Recognition for Dartmouth faculty, staff, and students
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Ayah M. Ahmed '10, a biology major and Arabic minor, was invited by the World Health Organization (WHO) to present her study "Prevention of Cardiovascular Diseases through Active Community Participation in Egypt" this March in Geneva, Switzerland. The study is based on research she conducted in Nag Al-Arab, Egypt, and will be published with the WHO's Community-Based Initiatives. Denise Anthony, associate professor and chair in the Department of Sociology, assisted Ahmed with the review of the study and data analyses of the results. Ahmed says, "My deep interest in class-based health differentials and the provision of health care in under-resourced communities of Africa inspired me to propose this study to the WHO's Eastern Mediterranean Regional Office in Cairo."
|Ayah M. Ahmed '10
Peter Belenky, a Ph.D. candidate in molecular and cellular biology in the Department of Biochemistry at Dartmouth Medical School, has won a 2009 Harold M. Weintraub Graduate Student Award, one of 13 graduate students from North America to be so honored. He will present at the 10th annual Weintraub Award Symposium at the Fred Hutchinson Cancer Research Center in Seattle on May 1. Belenky, a member of Professor of Genetics and Biochemistry Charles Brenner's lab at Norris Cotton Cancer Center, is the first Dartmouth student to receive this award.
Dartmouth Medical School pain scientist Joyce DeLeo
has won the American Pain Society's 2009 Frederick W. L. Kerr Basic Science Research Award. The Irene Heinz Given Professor of Pharmacology and chair of the Department of Pharmacology and Toxicology, DeLeo is recognized for her outstanding contributions to the field of pain. She studies nervous system (glia) and immune cells and how their functions may be modulated to develop new targets for drug therapy to treat acute and chronic pain. She will be honored May 7 at the society's annual scientific meeting in San Diego, Calif.
Sergei Kan, professor of anthropology and Native American studies, delivered the keynote address at the Alaska Anthropological Association's annual meeting in Juneau on March 13. Kan has conducted anthropological research among the Tlingits of southeastern Alaska since 1979, focusing on two major topics: the memorial potlatch (a ritual celebration of the ancestors) and its historical transformation, and the incorporation of Christianity into Tlingit culture. Kan's presentation, "Researching Tlingit History and Culture: A Thirty-Year Retrospective," described the changes in his own research as well as changes in the relationship between anthropologists and Native Alaskans in the past 30 years. He emphasized that collaborative research has become common and that an increasing number of present-day anthropological projects have direct benefits for Native communities. He also noted that the number of Native Alaskans pursuing undergraduate and graduate degrees in anthropology has increased, making a major difference for the anthropology of the 49th state.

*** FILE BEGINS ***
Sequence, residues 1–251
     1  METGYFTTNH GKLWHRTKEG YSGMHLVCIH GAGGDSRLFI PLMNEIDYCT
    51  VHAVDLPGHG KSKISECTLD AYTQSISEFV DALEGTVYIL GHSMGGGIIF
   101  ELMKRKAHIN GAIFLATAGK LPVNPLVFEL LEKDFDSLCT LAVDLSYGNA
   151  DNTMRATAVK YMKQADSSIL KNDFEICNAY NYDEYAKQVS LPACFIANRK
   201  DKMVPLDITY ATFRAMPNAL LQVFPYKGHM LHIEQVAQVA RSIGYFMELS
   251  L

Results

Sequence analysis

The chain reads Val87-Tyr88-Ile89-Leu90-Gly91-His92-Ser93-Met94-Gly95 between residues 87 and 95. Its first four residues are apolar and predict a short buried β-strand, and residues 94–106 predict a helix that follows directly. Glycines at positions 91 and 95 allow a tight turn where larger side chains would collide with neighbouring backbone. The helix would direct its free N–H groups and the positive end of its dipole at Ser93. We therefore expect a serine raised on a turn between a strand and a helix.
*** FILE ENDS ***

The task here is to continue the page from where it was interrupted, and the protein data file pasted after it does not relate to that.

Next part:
The National Dance Project (NDP), a program of New England Foundation for the Arts (NEFA), has named Margaret Lawrence
, director of programming at the Hopkins Center, an NDP Hub Site representative for 2009-2012. Representatives are selected for their extensive knowledge of the dance field and demonstrated leadership in developing new dance work. As a Hub Site representative, Lawrence will review proposals, make funding recommendations, and guide program policy on behalf of the National Dance Project as it provides a national system of support for contemporary dance.
Dartmouth's William H. Neukom Institute for Computational Science has awarded three faculty CompX Grants. The program funds the development of novel computational techniques as well as the application of computational methods to problems in the sciences, social sciences, and humanities. Awards are up to $20,000 for one-year projects. This year's recipients are Assistant Professor of Computer Science Chris Bailey-Kellogg and Assistant Professor of Engineering Karl Griswold for "Integrating Computation and Experiment in Functional Deimmunization of Therapeutic Protein"; Research Associate Professor of Computer Science Lorie Loeb for "Green Lite Dartmouth"; and Assistant Professor of Engineering Reza Olfati-Saber for "Cyber-Physical Networked Systems Tested."
Joseph O'Donnell, professor of medicine and psychiatry at Dartmouth Medical School (DMS), received a $25,000 grant from the Harvard Pilgrim Healthcare Foundation to support DMS's Urban Health Scholars Program. Founded by two DMS students three years ago, the program trains medical students to better understand the cultural, linguistic, and socioeconomic factors that affect underserved patients in urban areas. Currently 17 DMS students are in the program, which serves populations in Boston, Mass., and Manchester, N.H. O'Donnell advises the program along with Shawn O'Leary, director of multicultural affairs at DMS. Learn more at http://dms2.dartmouth.edu/uhs.
William Summers, associate professor of music, has won the Norman Neuerburg Award given by the Historical Society of Southern California for outstanding writing in early California history. The award recognizes the book Juan Bautista Sancho: Pioneer Composer of California (Palma de Mallorca, University of the Balearic Islands Press, 2007), which Summers co-authored. Written in three languages (Spanish, Catalan, and English), the volume also includes a CD-ROM containing recorded performances and newly edited scores of the music of the Spanish-born Sancho, who settled in Mission San Antonio de Padua in 1804.